An Athenian Abroad

    At 17 I moved to the USA for university and ended up staying there for approximately 8 years. Like anyone who leaves home for the first time, I missed my friends and family, the sun and beach and the sense of security provided by familiar surroundings.

    However, as I acclimated to my home away from home and throughout my frequent holiday and summer visits to Greece, I realized that aside from the typical longings, I felt the absence of some unexpected parts of Athens.

    Although there were a number of Athenian experiences I missed, the three most prevalent were the following: Most people think of the Acropolis as the most impressive, awe-provoking structure of Ancient Greece and it really is, one feels inspired when standing before it. Still, whenever I looked outside at the rainy streets of East Coast USA, I would close my eyes and picture the Temple of Poseidon in Cape Sounio. Located at the southernmost tip of Attica, about an hour away from Athens, the temple looks out to the Aegean Sea. I have not found another place in Greece where the sun and the sea harmonize so beautifully; the memory of being there was enough to calm me at my worst moments, but the sensation of actually having seen it and felt it, even once, suffices for an entire lifetime.
   Athens isn’t only about history and romance, a big part of what it offers is entertainment. My favorite? Athens Nightlife. Anyone who has experienced Greek island hopping knows that we generally have a great nightlife. But I do not think it is frequently associated with Athens. From summer clubs built on cliffs, with harbor and city views, beach bar outings often resulting in late night swims, to the winter cosmopolitan setting of downtown locations; from contemporary Greek and bouzouki sounds, to hip-hop, house and jazz beats; Athens nightlife fulfills all desires and preferences. Never have I felt a city’s nightlife so diverse and accessible.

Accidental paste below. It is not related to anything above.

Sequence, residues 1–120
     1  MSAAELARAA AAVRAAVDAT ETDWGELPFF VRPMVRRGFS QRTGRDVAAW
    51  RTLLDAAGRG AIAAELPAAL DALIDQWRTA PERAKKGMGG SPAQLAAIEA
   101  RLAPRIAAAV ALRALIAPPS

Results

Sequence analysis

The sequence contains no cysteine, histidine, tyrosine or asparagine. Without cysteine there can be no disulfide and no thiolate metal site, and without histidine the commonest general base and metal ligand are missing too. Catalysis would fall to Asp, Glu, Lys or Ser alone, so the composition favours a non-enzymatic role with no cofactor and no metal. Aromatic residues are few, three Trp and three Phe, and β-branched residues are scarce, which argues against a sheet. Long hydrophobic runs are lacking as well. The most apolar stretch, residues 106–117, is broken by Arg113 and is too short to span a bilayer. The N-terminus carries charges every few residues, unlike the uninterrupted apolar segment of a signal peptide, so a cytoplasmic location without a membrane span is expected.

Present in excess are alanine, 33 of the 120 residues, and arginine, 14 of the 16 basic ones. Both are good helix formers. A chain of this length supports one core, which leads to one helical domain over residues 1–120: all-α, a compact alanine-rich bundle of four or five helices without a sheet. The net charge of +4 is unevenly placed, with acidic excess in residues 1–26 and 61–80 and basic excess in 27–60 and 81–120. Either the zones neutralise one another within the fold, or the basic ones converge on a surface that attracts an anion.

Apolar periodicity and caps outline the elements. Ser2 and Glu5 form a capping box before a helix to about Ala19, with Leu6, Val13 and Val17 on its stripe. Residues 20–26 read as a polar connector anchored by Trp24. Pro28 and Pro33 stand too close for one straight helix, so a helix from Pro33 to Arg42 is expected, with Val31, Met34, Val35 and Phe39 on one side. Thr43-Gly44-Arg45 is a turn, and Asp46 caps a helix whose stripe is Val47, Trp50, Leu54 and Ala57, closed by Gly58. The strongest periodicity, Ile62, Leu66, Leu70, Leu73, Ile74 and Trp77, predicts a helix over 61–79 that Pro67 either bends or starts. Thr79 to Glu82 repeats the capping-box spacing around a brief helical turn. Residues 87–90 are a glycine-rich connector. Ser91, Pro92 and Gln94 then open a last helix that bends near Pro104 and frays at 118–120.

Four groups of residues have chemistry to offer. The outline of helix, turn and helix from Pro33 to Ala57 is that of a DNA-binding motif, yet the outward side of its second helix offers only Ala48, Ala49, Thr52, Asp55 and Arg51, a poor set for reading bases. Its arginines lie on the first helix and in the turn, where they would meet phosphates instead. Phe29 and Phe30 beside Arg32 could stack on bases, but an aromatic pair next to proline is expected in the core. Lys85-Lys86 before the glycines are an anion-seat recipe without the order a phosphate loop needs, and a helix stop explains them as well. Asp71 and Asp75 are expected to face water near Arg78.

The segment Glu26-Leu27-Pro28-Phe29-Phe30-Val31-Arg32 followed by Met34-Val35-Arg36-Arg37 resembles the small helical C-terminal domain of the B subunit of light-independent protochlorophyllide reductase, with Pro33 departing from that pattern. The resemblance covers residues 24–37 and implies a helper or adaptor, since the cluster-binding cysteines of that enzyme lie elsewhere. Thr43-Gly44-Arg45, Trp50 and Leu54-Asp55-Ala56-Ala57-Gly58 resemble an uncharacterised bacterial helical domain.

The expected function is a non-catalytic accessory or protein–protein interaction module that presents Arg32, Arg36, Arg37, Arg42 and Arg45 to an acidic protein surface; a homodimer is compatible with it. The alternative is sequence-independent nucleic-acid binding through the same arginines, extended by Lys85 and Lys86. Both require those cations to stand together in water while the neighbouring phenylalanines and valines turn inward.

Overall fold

Last, the most persistent craving, of course, revolved around food. Aside for the longing for traditional Greek cuisine, a real Greek salad, or the number one, on-the-go meal, gyro, the absence of fresh products in my meals was a chronic issue. Food is much more seasonally appropriate in Greece, and thus natural and fresh. So, in the summer, for example, you can smell a bright red, ripe tomato being prepared in the kitchen. Apples are crispier in the fall and oranges more succulent in the winter. Our meat is mostly domestic and is much tastier, not to mention healthier and safer to eat – all year long. Finally, there is nothing like Greek olive oil to enhance the flavors of any meal.

   If you ask a Greek abroad what he or she misses most about home, you will come up with a very long list, frequently overlapping in topics and sometimes uncovering parts of the respondents’ personal life. But I think it certain that if someone were to visit Athens today and experience the breathtaking view from the Temple of Poseidon, dance until the break of dawn and feast on the gastronomic splendor that is Greek cuisine, they would miss it just as much as I did!